For August’s Artifact of the Month, we will be looking at a series of compasses that we have here at The Mariners’ Museum. The compass is one of the world’s oldest navigational instruments, dating back to the Chinese between the 9th and 11th centuries. A magnetic compass works by aligning its magnetic needle with the Earth’s magnetic North Pole, and therefore ensuring that it always points north. The compass was created from the use of lodestones, which is a mineral with a magnetized iron ore. The Chinese found that when put flat on a board, the lodestones would continue to consistently point in the same north and south direction. The compass hugely improved the accuracy of maritime exploration and travel. It made it much easier to locate destinations, and cut time off of traveling. With the aid of other devices, the compass can also be utilized to figure out both longitude and latitude. It also made it so that areas known to be problematic to navigate were much easier to avoid or move through. This helped revolutionize maritime travel, making it easier for explorers to go on longer expeditions as well as safer ones.

One of our most beautiful compasses in our collection is one that was purchased by Fred Hill in Paris, France. It is only about two and half inches in diameter, and has an ivory case that opens and closes much like a woman’s compact. It’s dated to between 1750 and 1850, though the exact date and maker is unknown. There is another compass in our collection hidden in the hold here at The Mariners’ Museum that was also purchased by Fred Hill. This one is a miniature compass, which is also by an unknown French maker (perhaps the same unknown maker!). This compass is thought to have maybe been a toy, and is set in a brass bowl on a bone stand. This miniature compass is thought to be from 1910. This miniature compass is pictured below, while the compact compass is pictured above.   Read more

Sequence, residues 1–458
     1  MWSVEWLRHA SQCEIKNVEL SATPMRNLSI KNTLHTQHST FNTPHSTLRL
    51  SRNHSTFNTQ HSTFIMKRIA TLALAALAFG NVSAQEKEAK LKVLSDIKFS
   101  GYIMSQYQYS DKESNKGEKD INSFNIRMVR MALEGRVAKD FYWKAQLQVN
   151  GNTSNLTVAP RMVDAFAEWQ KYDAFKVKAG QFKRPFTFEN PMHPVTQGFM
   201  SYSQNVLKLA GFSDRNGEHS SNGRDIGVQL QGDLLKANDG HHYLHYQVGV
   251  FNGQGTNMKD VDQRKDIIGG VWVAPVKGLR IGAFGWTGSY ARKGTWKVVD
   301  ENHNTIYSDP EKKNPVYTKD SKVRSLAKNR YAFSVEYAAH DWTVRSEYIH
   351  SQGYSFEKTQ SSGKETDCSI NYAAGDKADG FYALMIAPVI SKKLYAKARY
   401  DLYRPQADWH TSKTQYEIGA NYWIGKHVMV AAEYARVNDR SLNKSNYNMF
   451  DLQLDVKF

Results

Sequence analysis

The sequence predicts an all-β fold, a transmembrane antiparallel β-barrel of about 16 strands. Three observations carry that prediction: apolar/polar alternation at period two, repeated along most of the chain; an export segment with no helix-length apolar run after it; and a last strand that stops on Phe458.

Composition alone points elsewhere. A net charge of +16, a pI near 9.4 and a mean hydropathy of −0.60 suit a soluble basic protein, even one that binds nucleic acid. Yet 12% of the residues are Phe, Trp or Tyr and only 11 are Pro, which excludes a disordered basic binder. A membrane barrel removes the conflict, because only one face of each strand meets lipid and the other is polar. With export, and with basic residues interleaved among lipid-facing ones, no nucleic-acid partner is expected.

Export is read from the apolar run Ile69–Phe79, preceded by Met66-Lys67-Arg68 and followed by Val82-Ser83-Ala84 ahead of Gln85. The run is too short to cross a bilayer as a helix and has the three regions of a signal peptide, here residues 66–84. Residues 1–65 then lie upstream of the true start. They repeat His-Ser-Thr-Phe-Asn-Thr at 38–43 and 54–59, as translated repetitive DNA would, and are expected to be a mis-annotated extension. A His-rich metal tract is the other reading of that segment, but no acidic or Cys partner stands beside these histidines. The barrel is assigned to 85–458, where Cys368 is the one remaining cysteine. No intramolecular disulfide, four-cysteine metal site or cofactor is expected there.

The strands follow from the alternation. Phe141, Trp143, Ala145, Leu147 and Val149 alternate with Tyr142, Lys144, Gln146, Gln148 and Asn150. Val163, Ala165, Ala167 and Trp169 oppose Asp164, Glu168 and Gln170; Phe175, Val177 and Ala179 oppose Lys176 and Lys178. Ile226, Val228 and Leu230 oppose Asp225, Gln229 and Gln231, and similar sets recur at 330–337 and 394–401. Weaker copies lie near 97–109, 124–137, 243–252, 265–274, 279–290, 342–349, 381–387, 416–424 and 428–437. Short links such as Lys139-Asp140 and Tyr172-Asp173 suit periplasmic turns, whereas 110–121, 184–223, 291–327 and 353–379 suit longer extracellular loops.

The Difference Between Pirates, Privateers and Buccaneers Pt. 2

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Sir Henry Morgan, viewed as a Pirate by the Spanish and a Privateer by the English. Either way, he also qualifies as a Buccaneer. From The Mariners’ Museum Library collection.

Welcome back, and let’s finish our exploration of pirate terminology with the term “Buccaneer.” Buccaneer is used synonymously with the idea of the 17th-18th century Caribbean pirates, but it actually means something quite specific. When Spain started colonizing the Caribbean in the 16th century, it was initially the only nation to do so. Around the beginning of the 17th century, people from other nations like France, England and the Netherlands started trying to settle in the Caribbean too. The problem was they weren’t welcome in Spanish ports because the Spanish didn’t recognize their right to settle. As a result, the only people willing to trade with these settlers and adventurers were social outcasts like mulattos, Native Americans and shipwreck survivors who largely lived in the wild.